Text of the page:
So soon after A Day in the Life #3, you ask? Indeed! There are a few questions that I get over and over from people both internal and external to Microsoft, and I thought I’d address them in a blog post.

Question #1: “I’m a third-party speaker (or ‘I know a third-party speaker…’) who has spoken at other events that would make a fantastic speaker at PDC. What can I do?”

I get this one almost every day. Sometimes, they suggest a specific topic, and other times they say that they’re quick learners who can present on any topic, and if we have a session without a speaker, they’d likely be the perfect fit. While I honestly appreciate their enthusiasm and interest, the nature of PDC content makes it extremely difficult for anyone who didn’t actually architect or build the product or technology to authoritatively present.

As you may recall from A Day in the Life #2, PDC is not an event where we provide training on today’s technologies (except in our pre-conference sessions). PDC content is organized around top-level themes, and the content is selected because it aligns with those themes. Because PDC is where we lay out the future of the Microsoft platform, most of what we talk about is in the future. So, the content frequently falls into one of two categories:

  1. The product or technology won’t be announced until the PDC. We’ve introduced and launched a lot of technologies at prior PDCs, and you can bet we’ll do it again this year. Needless to say, there are usually only a handful of people who know about and understand the details of a new technology, and they’re inevitably members of the product team. It’s a reality of the situation.
  2. The product or technology has previously been announced and possibly covered at other events like Tech·Ed or MIX. In this case—and so we don’t simply repeat content that’s already out there and is possibly more appropriate for those events—we do it “PDC style” by going super deep. A good example from a previous PDC was a session that spent 75 minutes starting from a simple C# “Hello World” application, to how it was JITted to native code, to an exploration of the actual memory layout, to final output on the screen. For PDC2008, a good example would be Deep Dive: Building an Optimized, Graphics-Intensive App in Silverlight where we go under the covers on geeky topics like layout, rendering, and media pipelines. As you can imagine, there are very few people who can deliver this kind of content.

As a result, it’s rare for third-party speakers to present a breakout session at PDC. Occasionally, presenters will invite third-parties to speak about their experience with a technology, and when we have panels, there are almost always third-parties involved. And third parties help us deliver fantastic pre-conference sessions.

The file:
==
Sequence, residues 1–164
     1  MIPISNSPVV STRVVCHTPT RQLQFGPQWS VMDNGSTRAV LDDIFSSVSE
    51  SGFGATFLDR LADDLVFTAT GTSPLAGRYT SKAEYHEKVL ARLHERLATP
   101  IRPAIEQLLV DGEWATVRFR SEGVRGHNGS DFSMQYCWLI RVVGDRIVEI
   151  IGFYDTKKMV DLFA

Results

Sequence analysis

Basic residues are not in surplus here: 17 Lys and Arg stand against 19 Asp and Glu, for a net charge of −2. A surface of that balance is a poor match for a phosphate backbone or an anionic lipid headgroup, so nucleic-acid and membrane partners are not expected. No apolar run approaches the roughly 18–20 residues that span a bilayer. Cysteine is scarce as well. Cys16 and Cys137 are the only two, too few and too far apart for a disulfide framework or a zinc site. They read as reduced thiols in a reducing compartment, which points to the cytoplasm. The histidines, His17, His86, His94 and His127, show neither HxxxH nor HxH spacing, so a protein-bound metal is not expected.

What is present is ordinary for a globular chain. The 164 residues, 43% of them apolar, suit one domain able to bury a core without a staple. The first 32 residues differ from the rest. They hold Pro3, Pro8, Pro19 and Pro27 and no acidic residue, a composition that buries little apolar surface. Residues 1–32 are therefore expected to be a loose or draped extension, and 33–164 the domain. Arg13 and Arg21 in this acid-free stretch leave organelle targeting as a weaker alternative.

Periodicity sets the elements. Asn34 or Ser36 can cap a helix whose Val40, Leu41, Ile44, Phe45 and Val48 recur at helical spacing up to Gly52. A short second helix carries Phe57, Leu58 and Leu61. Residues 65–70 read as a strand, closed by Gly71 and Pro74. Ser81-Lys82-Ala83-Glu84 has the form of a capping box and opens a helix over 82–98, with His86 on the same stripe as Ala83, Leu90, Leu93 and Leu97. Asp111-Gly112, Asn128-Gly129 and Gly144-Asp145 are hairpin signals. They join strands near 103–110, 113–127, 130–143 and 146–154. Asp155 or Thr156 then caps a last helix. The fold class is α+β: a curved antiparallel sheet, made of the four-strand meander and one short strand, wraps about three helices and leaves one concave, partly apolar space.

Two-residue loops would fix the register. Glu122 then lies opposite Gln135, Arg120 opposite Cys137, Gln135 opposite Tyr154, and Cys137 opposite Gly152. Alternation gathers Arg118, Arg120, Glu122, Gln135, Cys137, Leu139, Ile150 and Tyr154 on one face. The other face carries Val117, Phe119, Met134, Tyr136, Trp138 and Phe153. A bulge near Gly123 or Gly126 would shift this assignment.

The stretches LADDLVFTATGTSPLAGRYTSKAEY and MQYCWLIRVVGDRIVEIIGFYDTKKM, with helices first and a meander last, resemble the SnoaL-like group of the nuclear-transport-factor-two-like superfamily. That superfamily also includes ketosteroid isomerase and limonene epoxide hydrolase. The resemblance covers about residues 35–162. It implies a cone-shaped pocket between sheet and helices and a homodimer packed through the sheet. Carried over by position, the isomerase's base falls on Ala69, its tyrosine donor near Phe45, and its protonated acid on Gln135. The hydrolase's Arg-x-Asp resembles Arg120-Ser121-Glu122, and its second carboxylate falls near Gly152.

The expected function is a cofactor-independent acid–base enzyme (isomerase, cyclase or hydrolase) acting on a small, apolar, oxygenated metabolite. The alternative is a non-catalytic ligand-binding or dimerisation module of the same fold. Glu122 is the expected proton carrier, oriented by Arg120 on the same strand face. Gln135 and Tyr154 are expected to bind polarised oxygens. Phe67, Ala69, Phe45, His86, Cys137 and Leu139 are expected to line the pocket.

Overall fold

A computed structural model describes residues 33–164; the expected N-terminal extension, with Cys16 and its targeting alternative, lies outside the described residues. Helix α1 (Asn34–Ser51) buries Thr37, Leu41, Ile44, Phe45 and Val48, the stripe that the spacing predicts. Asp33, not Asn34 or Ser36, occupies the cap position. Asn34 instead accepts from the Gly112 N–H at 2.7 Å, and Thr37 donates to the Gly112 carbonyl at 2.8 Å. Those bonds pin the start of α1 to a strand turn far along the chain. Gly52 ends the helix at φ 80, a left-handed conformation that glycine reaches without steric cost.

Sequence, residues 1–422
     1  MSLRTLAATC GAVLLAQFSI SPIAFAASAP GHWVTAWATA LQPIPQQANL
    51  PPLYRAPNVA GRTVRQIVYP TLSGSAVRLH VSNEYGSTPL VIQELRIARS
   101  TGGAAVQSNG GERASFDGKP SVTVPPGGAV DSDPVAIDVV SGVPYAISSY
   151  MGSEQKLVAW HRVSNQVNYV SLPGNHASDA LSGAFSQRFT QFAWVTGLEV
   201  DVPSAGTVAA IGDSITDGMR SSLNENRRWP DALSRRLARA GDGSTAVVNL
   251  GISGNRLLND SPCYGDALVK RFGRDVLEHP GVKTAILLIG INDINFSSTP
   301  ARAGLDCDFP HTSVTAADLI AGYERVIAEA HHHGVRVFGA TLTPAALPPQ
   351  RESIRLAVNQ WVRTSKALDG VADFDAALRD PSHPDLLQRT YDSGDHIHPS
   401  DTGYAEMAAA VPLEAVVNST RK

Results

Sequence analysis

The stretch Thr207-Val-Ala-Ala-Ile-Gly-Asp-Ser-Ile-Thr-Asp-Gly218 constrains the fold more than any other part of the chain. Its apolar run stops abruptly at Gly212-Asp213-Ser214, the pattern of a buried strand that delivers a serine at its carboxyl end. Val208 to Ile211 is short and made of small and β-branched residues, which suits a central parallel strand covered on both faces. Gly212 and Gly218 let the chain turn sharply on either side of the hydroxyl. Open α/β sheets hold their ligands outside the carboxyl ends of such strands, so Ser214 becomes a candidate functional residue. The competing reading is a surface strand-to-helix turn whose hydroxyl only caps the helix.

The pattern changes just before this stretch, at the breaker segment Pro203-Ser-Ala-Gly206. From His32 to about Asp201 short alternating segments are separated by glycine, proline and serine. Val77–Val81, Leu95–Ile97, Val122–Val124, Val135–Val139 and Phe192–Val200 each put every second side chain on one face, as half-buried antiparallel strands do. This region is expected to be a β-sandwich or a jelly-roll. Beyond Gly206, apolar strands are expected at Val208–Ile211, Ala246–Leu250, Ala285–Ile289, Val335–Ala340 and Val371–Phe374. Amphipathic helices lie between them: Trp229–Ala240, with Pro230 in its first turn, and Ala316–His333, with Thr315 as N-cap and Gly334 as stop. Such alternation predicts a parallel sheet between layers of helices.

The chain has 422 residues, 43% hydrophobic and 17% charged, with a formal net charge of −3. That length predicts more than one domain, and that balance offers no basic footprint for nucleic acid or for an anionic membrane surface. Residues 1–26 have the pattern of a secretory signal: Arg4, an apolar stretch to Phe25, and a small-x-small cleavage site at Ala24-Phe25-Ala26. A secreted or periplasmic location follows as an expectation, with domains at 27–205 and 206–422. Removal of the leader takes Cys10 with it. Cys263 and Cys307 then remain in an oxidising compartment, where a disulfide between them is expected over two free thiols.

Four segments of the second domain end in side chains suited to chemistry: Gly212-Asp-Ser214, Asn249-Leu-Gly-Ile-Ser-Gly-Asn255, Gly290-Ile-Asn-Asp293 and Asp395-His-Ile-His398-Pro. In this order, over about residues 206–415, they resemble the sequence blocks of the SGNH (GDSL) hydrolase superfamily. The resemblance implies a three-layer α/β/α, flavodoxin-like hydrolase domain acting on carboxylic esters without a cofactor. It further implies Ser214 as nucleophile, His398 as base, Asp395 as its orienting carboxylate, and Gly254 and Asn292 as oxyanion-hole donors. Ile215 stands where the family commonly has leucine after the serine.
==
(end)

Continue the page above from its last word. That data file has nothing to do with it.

It’s interesting to note that third-party speakers are absolutely appropriate (if not required) for Tech·Ed and MIX. In those cases, though, it makes perfect sense given the type of content presented at those events.

Question #2: “When is the ‘call for papers?’”

Like #1, I get this question a few times each week from both internal and external folks. It’s a great question, and it makes sense given the fact that PDC is the Professional Developers Conference. Most conferences do have a call for papers (or CFP), and it’s not obvious why PDC wouldn’t have the same mechanism to gather content.

If I again refer back to A Day in the Life #2, the fact that we start with top-level themes and work our way “down” may explain why we usually know what content we’re looking for. It’s a question we ask ourselves as part of the first step in planning a PDC. However, because we’re not perfect by any stretch, we do have an internal Session Suggestion Box which is similar to a CFP in concept. It’s implemented as a SharePoint list, and anyone inside Microsoft can contribute a session idea. We just recently closed the Session Suggestion Box to new submissions. There are some fantastic suggestions on the list, but unfortunately, many of them have little to nothing to do with the future of our platform.

Question #3: “What are your tracks?”

Tracks are like mini-conferences that run in parallel. Each track typically covers a unique set of topics, and they can be helpful when building a master agenda for the conference. At PDC05, for example, the six tracks were: Presentation, Data, Communication, Fundamentals, Tools and Languages, and Office System. For PDC2008, we have four internal tracks that we use to organize the groups that assemble the content, and the tracks were selected to ensure that various organizations within Microsoft work together. However, we don’t believe that the internal track names will make any sense at all to attendees (without education), so we’re going to align our topics by technology…very similar to how we’ve tagged the content by technology in our session list. There are other conferences that are very interested to see how this “no tracks experiment” works out. Let’s hope it works well!

Last, I’ve thought about using one of our sessions for a PDC feedback discussion. While we do surveys before, during, and after the conference to gauge your feedback, there’s nothing like a face-to-face chat. Would anyone actually attend? Does this sound like a good idea? Is it worth “giving up” another session to do this? If you have suggestions, please leave feedback or contact me directly.

Until next time…